Which Joe gave his name to ‘sloppy joes’? We look at five interesting sandwiches and their lexical origins.
Not highly intellectual or cultured.‘lowbrow tabloids’
mass-market, tabloid, pop, popular, intellectually undemanding, lightweight, easy to understand, accessible, unpretentious, simple, simplisticView synonyms
- ‘A fan of lowbrow art, she built the fundraiser around the ‘art without canvas’ idea, choosing skate decks as her medium.’
- ‘All these golden nuggets of wisdom come from The Reality TV Handbook, a new tome dedicated to the lowbrow television genre that is showing no signs of petering out.’
- ‘Shakespeare in Love had at least 6 fantastic performances, a brilliant screenplay that mixed highbrow and lowbrow humor, and actually had some interesting things to say about love and the creative process.’
- ‘It is also true that more people will always be attracted to the passive, easy nature of lowbrow culture than those who will take the time to decipher high culture.’
- ‘Conventional wisdom has it that kitsch - from the German language for ‘to throw together’ and implying popular or lowbrow taste - should be eschewed by the connoisseur, the lover of fine art.’
- ‘And it's also a very lowbrow genre, that nobody is really paying attention to.’
- ‘Their show, which comes to the Edinburgh Festival Fringe this month, is a collision between lowbrow Las Vegas dazzle and highbrow European aesthetics.’
- ‘Deplorable as this preference may be, it's hardly as deplorable as the gulf which these cultural assumptions themselves created between the lowbrow public and the university-educated art world and artists.’
- ‘But I worked on eight seasons of The Simpsons, and we certainly had our lowbrow jokes.’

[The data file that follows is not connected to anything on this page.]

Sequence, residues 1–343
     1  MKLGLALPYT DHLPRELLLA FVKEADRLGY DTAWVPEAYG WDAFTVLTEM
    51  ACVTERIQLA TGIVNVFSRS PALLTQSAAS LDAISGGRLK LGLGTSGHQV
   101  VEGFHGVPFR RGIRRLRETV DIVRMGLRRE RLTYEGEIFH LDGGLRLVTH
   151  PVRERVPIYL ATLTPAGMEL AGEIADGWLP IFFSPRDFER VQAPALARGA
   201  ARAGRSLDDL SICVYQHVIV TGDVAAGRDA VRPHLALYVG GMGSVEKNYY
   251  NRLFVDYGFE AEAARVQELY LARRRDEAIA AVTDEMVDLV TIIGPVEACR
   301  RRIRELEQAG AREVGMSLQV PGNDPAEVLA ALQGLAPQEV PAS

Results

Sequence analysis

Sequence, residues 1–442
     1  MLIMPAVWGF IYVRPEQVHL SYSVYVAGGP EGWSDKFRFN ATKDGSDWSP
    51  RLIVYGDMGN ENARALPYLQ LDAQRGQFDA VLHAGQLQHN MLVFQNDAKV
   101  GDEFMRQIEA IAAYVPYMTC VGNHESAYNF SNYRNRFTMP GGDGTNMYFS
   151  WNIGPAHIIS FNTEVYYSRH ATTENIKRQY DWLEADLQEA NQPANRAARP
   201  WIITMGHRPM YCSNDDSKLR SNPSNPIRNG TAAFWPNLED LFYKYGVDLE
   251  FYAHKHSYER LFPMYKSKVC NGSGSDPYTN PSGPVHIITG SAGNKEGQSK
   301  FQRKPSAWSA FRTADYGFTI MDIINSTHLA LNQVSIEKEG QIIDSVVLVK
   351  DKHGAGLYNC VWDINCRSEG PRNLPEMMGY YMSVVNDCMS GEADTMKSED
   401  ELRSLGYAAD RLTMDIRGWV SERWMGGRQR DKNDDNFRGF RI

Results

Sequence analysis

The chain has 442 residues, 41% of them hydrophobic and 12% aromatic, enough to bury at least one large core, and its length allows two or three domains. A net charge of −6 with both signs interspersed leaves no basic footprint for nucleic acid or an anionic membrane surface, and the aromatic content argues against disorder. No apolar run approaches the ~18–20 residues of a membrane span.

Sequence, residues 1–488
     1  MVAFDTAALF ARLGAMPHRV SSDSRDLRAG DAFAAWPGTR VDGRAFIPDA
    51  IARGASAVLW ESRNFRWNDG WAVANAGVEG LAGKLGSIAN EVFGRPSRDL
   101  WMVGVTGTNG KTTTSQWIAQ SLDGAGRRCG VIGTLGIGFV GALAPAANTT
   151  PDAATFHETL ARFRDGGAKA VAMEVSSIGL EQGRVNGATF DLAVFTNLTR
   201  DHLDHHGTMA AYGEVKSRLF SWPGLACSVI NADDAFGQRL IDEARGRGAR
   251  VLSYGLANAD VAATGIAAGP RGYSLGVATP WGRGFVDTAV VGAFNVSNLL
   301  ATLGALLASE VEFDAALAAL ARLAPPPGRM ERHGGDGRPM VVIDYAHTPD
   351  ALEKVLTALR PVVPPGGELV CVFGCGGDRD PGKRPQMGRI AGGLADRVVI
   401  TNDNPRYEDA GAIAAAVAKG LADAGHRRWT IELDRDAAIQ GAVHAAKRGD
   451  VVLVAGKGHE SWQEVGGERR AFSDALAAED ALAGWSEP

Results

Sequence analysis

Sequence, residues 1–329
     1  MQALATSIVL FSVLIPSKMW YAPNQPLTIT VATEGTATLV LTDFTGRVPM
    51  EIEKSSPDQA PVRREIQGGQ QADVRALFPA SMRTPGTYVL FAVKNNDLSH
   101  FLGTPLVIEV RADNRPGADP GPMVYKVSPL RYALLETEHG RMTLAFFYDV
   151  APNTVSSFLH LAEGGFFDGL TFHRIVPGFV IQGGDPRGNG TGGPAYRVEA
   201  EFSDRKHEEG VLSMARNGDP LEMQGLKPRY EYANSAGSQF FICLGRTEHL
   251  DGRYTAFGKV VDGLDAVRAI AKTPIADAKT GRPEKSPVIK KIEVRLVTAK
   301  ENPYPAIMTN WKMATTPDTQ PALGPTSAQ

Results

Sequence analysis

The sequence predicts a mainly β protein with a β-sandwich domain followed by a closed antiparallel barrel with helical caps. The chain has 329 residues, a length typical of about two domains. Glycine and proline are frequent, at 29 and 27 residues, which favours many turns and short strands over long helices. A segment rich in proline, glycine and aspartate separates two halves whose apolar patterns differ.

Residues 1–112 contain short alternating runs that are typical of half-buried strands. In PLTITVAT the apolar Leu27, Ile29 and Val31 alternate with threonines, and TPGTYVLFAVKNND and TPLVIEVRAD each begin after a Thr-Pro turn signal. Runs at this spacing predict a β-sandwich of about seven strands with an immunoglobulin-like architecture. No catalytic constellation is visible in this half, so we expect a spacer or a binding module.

- ‘I wanted people to look beyond what's cool in lowbrow art.’
- ‘On one side you find the ruthless pursuit of profit and lowbrow culture.’
- ‘Some context: my flatmate was just back from London, I was just back from camping, we wanted two things - beer and a lowbrow action film.’
- ‘The show was initially ridiculed by many reviewers as the most abysmally lowbrow series in television history.’
- ‘This Christmas, remind the kids just how nice animation can be, with a cartoon genuine in its sentiment, free of pop culture references and lowbrow humor.’
- ‘Until recently I thought how-to books to be popular, in a lowbrow sort of way.’
- ‘In addition, the award presentation broadcast, long known for its critically panned, lowbrow fare, rambled on almost without a break.’
- ‘The context has provided a moment of unexpected, lowbrow hilarity.’
- ‘Rather than present a biting satirical assailment on religion, I shall present a puerile, lowbrow rant on religion's younger brother, cult worship.’
- ‘Finding a book with the right combination of highbrow intelligence and lowbrow kicks has gotten nearly impossible.’
- ‘While some might question the appeal of a show set in such lowbrow circumstances, I found it refreshing.’
A lowbrow person.
lowbrow, anti-intellectual, materialist, bourgeoisView synonyms
- ‘In the 1999 series ‘Resolutions,’ Chicago continues to address the audience she has created of mainly middle- and working-class women, an audience easily dismissed by both highbrows and lowbrows.’
- ‘I do not feel safe knowing that lowbrows have their fingers on nuclear bomb triggers.’
- ‘These long cerebral articles are not read by the lowbrows.’
- ‘Finally: just to admit I am a total lowbrow, I watched part of ‘Meet Me in St. Louis’ the other morning, and I didn't like it.’
- ‘The disaffected mugger and the enraged cuckold were despised as lowbrows; the true craftsmen of murder inaugurated ever more elaborate schemes.’
- ‘I can't write in a whole lot of different styles, trying to please the highbrows one time and the lowbrows the next.’
- ‘The lowbrows, for example, turn up at the night club.’
- ‘Call me a lowbrow, a philistine if you like, but I wasn't lured to Vienna by any of these.’
- ‘If so, they were rewarded with a fresh perspective on a composer of astonishing versatility, one whose best work speaks to high- and lowbrows alike without condescending to either.’
- ‘I think a lot of political lowbrows all around the world got a new lease on life when they saw how even somebody like him could get crowbarred into office.’
We take a look at several popular, though confusing, punctuation marks.
From Afghanistan to Zimbabwe, discover surprising and intriguing language facts from around the globe.
The definitions of ‘buddy’ and ‘bro’ in the OED have recently been revised. We explore their history and increase in popularity.